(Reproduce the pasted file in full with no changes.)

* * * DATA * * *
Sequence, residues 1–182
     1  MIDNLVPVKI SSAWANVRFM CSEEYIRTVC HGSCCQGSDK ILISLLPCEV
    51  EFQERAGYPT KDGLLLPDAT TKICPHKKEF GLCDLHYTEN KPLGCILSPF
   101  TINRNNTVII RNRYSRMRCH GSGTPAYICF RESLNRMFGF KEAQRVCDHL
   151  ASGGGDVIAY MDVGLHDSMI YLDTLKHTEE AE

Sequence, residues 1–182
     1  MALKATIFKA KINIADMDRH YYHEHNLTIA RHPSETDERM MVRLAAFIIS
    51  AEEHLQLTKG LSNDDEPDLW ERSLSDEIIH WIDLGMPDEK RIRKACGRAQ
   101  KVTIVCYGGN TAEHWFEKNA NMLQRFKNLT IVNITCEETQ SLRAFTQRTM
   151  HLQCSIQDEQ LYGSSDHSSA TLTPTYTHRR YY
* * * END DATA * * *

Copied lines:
Sequence, residues 1–182
     1  MIDNLVPVKI SSAWANVRFM CSEEYIRTVC HGSCCQGSDK ILISLLPCEV
    51  EFQERAGYPT KDGLLLPDAT TKICPHKKEF GLCDLHYTEN KPLGCILSPF
   101  TINRNNTVII RNRYSRMRCH GSGTPAYICF RESLNRMFGF KEAQRVCDHL
   151  ASGGGDVIAY MDVGLHDSMI YLDTLKHTEE AE

Sequence, residues 1–182
     1  MALKATIFKA KINIADMDRH YYHEHNLTIA RHPSETDERM MVRLAAFIIS
    51  AEEHLQLTKG LSNDDEPDLW ERSLSDEIIH WIDLGMPDEK RIRKACGRAQ
   101  KVTIVCYGGN TAEHWFEKNA NMLQRFKNLT IVNITCEETQ SLRAFTQRTM
   151  HLQCSIQDEQ LYGSSDHSSA TLTPTYTHRR YY